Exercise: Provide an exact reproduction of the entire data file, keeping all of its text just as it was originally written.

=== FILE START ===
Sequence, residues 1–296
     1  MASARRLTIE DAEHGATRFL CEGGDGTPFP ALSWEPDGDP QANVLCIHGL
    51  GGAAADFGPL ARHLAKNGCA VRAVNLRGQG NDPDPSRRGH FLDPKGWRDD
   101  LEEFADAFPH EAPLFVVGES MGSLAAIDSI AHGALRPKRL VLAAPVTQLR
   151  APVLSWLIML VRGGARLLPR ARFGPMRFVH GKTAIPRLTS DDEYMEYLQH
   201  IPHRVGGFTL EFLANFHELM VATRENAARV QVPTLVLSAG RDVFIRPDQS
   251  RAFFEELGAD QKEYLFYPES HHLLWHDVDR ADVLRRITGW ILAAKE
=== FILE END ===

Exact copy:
Sequence, residues 1–296
     1  MASARRLTIE DAEHGATRFL CEGGDGTPFP ALSWEPDGDP QANVLCIHGL
    51  GGAAADFGPL ARHLAKNGCA VRAVNLRGQG NDPDPSRRGH FLDPKGWRDD
   101  LEEFADAFPH EAPLFVVGES MGSLAAIDSI AHGALRPKRL VLAAPVTQLR
   151  APVLSWLIML VRGGARLLPR ARFGPMRFVH GKTAIPRLTS DDEYMEYLQH
   201  IPHRVGGFTL EFLANFHELM VATRENAARV QVPTLVLSAG RDVFIRPDQS
   251  RAFFEELGAD QKEYLFYPES HHLLWHDVDR ADVLRRITGW ILAAKE